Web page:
‘We must not turn our back on the people who most need our help’
THE power of the Fairtrade concept has always inspired me, right from the time when I first encountered it some time early in my teens. It’s the idea that you might not need charity to improve the lives of the world’s most disadvantaged people – because you can do so just by buying products that have been purchased at fair prices, from workers who’ve been paid fair wages, in a work environment that is at least reasonably safe and dignified.
Your simple choices of tea or chocolate can help to change the lives of people half-way around the world. My best friend and I set up an impromptu tuck-shop at school to try to help promote it.
Fifteen years later, it’s no less inspiring than it was then.
Doing the round of the wedding fayres earlier this month, my beloved and I both pounced on the idea of Fairtrade Gold for our wedding rings.
It also matters to me professionally. The Overseas Aid & Development Commission now leads on Fairtrade issues for the States of Guernsey and our ethos of ‘a hand up, not a hand out’ – promoting sustainable development by providing people with opportunities to earn a decent living, as well as through better health, education and basic infrastructure – fits well with the Fairtrade idea. Over the next two weeks, local events to mark Fairtrade Fortnight will be a helpful reminder of the life-changing impact it can have for some of the world’s poorest producers.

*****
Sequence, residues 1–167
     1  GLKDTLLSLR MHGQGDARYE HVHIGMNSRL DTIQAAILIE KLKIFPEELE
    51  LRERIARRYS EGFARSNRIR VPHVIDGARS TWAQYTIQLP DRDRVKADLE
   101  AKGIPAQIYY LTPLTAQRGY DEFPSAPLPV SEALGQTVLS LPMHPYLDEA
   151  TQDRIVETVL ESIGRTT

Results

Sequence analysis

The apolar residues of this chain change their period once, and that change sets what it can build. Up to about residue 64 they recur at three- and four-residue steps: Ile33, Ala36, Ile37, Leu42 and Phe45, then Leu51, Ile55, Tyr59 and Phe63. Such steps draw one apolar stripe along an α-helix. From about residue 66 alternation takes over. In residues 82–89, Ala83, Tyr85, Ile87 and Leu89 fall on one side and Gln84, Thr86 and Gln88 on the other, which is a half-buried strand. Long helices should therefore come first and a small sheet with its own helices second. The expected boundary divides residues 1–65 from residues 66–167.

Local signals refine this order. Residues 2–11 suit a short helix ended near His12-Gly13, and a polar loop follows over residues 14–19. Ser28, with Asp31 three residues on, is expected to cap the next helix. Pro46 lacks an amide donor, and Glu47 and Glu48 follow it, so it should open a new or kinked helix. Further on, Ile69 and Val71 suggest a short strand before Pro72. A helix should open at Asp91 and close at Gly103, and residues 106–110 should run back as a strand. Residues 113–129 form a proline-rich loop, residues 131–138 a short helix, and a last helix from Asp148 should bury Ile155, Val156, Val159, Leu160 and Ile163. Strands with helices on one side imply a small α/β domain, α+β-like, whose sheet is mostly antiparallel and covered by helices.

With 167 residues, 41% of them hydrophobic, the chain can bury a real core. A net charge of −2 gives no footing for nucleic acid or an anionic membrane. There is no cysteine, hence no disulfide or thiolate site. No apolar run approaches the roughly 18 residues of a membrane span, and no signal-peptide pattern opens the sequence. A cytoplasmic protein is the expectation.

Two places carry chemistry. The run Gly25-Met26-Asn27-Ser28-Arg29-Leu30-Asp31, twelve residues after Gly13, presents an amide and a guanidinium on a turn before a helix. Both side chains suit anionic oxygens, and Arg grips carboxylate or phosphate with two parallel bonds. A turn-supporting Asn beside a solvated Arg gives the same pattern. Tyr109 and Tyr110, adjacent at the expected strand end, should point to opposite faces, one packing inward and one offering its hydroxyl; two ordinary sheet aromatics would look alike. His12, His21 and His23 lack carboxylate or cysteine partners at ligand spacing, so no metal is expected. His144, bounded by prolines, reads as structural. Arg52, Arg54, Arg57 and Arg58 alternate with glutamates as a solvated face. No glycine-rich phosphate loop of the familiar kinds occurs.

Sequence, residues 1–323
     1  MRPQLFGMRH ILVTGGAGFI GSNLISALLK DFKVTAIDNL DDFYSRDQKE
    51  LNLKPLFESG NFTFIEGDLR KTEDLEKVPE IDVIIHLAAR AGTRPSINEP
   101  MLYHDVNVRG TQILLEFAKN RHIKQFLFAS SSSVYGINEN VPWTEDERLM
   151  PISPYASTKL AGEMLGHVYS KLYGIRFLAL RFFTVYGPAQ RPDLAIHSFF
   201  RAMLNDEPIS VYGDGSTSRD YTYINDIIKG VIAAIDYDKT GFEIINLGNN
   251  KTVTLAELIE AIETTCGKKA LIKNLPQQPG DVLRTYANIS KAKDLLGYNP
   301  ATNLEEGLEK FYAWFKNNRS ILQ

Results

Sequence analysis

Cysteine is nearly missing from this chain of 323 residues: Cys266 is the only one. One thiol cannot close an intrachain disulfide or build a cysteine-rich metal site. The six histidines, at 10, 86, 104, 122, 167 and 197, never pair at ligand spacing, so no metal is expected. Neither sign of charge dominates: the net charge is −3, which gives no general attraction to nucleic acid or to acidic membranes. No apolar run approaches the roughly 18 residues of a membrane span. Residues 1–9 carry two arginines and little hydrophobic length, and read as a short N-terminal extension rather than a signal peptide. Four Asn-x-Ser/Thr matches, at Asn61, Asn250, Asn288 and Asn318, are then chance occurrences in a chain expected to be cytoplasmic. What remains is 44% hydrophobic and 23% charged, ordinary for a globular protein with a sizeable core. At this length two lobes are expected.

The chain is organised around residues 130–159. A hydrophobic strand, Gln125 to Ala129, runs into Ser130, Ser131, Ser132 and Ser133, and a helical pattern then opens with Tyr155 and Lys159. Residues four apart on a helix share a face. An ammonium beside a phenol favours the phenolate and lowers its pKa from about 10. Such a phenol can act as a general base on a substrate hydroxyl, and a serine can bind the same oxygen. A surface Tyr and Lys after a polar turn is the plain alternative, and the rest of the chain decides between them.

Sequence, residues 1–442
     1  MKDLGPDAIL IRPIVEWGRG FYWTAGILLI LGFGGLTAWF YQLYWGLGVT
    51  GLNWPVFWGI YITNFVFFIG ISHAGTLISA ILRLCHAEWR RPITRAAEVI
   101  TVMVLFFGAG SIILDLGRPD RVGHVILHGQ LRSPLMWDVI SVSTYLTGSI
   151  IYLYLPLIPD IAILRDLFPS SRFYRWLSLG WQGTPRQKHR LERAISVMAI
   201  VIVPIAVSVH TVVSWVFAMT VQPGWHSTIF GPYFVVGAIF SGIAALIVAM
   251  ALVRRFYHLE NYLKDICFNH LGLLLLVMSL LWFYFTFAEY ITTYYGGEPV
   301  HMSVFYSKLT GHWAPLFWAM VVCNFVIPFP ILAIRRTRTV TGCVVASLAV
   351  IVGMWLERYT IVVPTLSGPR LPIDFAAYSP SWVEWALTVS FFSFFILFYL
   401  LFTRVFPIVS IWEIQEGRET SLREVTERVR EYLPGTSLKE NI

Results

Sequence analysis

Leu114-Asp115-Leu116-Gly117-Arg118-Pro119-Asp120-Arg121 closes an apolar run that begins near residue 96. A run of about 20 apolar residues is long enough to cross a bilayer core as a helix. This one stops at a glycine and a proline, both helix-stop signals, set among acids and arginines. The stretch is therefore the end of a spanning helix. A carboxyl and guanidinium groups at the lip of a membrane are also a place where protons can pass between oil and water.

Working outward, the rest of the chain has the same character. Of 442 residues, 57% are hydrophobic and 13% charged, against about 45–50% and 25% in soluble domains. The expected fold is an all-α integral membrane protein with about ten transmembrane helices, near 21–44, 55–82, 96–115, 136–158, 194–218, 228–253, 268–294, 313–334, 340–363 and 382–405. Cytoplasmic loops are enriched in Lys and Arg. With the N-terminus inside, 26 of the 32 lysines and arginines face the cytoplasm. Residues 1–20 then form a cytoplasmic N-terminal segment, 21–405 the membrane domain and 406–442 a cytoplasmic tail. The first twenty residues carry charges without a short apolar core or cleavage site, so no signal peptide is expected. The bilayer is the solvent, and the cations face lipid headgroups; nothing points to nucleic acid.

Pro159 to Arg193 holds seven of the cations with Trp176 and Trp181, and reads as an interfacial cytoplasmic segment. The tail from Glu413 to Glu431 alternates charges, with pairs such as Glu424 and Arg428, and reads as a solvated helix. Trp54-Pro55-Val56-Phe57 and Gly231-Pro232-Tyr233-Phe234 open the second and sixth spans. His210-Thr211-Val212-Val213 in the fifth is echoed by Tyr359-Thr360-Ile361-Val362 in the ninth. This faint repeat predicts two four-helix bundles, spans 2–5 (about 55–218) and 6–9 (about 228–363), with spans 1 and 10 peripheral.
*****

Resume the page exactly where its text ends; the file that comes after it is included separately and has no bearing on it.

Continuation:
But, of course, there are many things that cannot be fixed by trade alone. The most disadvantaged communities the world over are still in need of international development support. Development work matters – so I have to pause and acknowledge what a dispiriting few days it’s been for all of us who care about it. When you choose to give aid, you expect it to make a positive difference. You don’t expect to hear that some aid workers have been exploiting the people they should have been helping – abusing their power and betraying your trust at the same time.
The worst possible outcome of the current scandal would be for donors to turn away from international development. The outrage is that people who should have been helped were harmed instead. That doesn’t change their fundamental need for assistance, or our duty to give it. Theresa May was quick to acknowledge that, reaffirming the UK’s commitment to its international aid target. In the same way as serious failures in a hospital or a care home would lead to reforms of the care sector, with much more emphasis on standards and training – so the international development sector will now need to go through a similar process of reform. Restoring confidence in the sector will be a long and painful process but, throughout it all, we must not turn our back on the people who most need our help.